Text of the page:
Censorship of course, has been a topic for hundreds and thousands of years. In recent history censorship by the government in the United States led to the McCarthy “blacklists” against Hollywood producers and writers. In ancient history, in 399 BC Socrates defied attempts by the Athenian state to censor his philosophical teachings and he was accused of “corruption of the Athenian youth”. He was sentenced to death by drinking Hemlock.

There is all forms of censorship; military, corporate, religious and moral. We also have to readily admit that information coming through various social and media outlets is already being privately censored, but there the society mores are dictating what levels of censorship are acceptable– such as the display of violence or child pornography. Even this censorship has led to a great debate in recent weeks, i..e twitter and Elon Musk.

However, it all becomes cynically different when it is a political and government authority that decides that it has the right to control.

Stalin had “sanitization policies” which was a deliberate and systematic alteration of all of history even to the point of ordering the removal of people from pictures, in an attempt to re-write that history. The tearing down of statutes in Canada is not far from this same twisted logic of denying history. Control of the message is the very fundamental building block in the ideology of Stalinism and totalitarianism.

Canadian censorship has seemed to rise up when the governing party develops an acute sensitivity to criticism; or has a particular following to which they wish to appeal. It is coming to be in Canada that to question any wisdom, to question an ideology, or an interest group claim, will be seen in the light of what is being said, but also by who in fact is saying it. The George Orwell famous quote comes to mind: “All animals are equal, but some animals are more equal than others”.

In 1766 Sweden was the first country to abolish censorship by law. Should we be following those long ago Swedes or do you side with this current government which could in the future be given the authority and ability to declare that which can be said. Is this over-stating the intention of this legislation? Maybe, but keep in mind that this is our most fundamental right, and right now we are going in the direction of Stalin– not of Socrates.

Photo courtesy of Allan Henderson via Flickr Commons – Some rights reserved

Shooting down Balloons, Lucki and a ridiculous Judgement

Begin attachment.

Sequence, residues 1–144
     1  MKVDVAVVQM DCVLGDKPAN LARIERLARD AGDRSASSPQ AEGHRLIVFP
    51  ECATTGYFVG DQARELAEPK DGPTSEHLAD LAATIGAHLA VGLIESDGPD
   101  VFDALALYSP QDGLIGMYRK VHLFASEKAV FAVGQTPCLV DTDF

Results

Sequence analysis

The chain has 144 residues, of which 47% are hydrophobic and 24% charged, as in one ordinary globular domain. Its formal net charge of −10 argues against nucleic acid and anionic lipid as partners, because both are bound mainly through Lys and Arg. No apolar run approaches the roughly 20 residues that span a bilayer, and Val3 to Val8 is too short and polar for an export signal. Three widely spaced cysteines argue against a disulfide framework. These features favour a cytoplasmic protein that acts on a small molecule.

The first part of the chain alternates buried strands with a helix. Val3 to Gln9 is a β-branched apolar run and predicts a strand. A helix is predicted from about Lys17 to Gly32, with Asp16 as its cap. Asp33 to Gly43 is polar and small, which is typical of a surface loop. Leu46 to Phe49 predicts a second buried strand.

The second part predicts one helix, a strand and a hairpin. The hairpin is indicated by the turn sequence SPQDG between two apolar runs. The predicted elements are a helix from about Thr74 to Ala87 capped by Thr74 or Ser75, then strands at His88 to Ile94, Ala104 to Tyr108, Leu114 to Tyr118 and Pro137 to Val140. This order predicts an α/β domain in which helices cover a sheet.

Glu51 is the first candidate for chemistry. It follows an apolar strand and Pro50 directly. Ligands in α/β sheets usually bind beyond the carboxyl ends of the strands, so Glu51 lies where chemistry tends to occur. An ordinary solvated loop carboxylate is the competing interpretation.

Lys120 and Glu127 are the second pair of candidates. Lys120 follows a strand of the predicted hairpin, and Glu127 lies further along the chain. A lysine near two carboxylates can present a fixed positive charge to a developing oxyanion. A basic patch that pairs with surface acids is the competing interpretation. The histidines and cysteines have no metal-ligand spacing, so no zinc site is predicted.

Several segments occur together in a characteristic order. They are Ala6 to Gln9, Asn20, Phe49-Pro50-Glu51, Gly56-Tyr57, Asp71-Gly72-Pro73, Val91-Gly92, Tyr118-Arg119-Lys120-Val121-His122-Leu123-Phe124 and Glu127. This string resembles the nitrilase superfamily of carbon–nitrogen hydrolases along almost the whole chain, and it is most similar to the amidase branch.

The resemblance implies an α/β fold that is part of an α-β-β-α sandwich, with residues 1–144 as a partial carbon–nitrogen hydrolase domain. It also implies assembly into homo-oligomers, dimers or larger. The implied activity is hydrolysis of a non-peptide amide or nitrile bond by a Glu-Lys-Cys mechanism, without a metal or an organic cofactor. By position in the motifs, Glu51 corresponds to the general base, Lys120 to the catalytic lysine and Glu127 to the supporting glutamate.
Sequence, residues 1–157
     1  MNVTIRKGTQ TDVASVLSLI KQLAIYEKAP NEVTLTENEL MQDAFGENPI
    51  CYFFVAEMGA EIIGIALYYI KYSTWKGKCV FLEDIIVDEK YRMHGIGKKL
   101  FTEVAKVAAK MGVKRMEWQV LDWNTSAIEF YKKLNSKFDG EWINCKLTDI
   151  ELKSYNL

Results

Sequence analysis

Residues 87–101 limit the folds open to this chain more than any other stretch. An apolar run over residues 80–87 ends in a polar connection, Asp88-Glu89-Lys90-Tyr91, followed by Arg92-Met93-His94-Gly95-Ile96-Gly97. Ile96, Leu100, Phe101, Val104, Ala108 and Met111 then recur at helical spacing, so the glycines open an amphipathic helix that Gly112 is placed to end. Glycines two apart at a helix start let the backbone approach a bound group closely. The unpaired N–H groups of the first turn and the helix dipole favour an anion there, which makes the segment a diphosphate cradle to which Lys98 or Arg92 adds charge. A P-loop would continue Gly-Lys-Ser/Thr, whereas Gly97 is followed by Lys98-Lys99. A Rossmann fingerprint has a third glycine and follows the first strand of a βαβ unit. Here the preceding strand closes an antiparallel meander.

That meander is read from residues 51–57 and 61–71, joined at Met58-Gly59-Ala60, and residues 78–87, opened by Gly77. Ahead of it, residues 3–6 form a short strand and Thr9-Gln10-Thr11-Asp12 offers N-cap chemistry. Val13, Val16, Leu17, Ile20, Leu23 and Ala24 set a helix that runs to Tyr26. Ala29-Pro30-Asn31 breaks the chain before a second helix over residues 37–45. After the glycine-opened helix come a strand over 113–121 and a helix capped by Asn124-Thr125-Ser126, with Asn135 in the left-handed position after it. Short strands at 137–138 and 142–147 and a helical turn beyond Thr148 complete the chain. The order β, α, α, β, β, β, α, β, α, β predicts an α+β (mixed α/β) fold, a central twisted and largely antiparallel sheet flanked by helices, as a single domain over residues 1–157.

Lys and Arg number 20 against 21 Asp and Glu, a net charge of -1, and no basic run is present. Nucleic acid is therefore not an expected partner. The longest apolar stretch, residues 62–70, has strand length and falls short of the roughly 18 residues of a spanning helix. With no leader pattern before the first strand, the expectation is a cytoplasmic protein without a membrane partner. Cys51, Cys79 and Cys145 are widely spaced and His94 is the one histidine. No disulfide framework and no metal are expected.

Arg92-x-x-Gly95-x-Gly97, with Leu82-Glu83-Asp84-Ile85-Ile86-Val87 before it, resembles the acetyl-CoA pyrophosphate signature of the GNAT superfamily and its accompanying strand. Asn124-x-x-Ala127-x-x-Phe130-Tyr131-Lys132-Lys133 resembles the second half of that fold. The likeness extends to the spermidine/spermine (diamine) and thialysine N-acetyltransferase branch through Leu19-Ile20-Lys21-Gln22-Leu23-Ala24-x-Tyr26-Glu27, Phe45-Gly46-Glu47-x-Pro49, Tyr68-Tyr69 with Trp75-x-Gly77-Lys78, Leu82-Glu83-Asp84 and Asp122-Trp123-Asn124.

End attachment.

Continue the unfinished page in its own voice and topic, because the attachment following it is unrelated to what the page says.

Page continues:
We were all entertained for many days by the strutting six-gun packing Trudeau “ordering” the shooting down of some “spy” balloons over North America. Slow Joe Biden and young gun Trudeau, the 21st century edition of Butch Cassidy and the Sundance kid, the resolute defenders of North America, how can it not be met with a grin and chuckle. The humorists of Instagram, Tik Tok and all the rest had a great deal of fodder to feed the madcap story of these two leaders trying to be the toughest kids on the block.

Newly discovered surveillance weapons flying at 36,000 feet could and maybe should be alarming if it wasn’t so well known that all countries are continually spying on each other. But, it was Trudeaus perceived threat to commercial airspace which has now become Trudeau’s primary reason for his war footing. We also have now found out that these balloons are probably not new, it was simply a matter of someone finally looking for them.

By the way it was an Air Canada pilot who first spotted one of the balloons over Canadian airspace, not the 1980’s NORAD system. The leaders of North America who set their policies according to the pulse of social media, at the time did not know for sure where these cylindrical objects originated from but it was safe to say that the usual black hats Russia and China were behind it. It was a chance for the leaders, both of whom are sagging in the polls to counter their characterizations of being incompetent, or in Joe’s case proving that he was awake. Sometime in the future we will know once all the facts slowly leak out because right now the Americans and the Canadians are saying very little, and right now they can’t find a couple of them.

In any event I was interrupted from this reverie on problems in the stratosphere by the news that Commissioner Lucki, who, like the balloons, was often filled with hot air herself, had in fact finally “resigned”. Bill Blair and Mendocino will no doubt help her pack, so there is no need for calling “Frog Boxes” as they have been waiting outside her office for the last few months. She did last as a Mountie, long after her best before date, but her leaving was clearly predictable and inevitable. The Liberals despite all their grooming of her could she could never make her into the black belt of woke; she tried and tried, but always disappointed them, always apologizing of never being able to deliver.

Many wrote to me asking if I was happy to see her go. To be truthful it was not personal, and I found it to be a bit of a non-event. She was clearly going to be replaced, the bigger and more crucial question is to who comes next?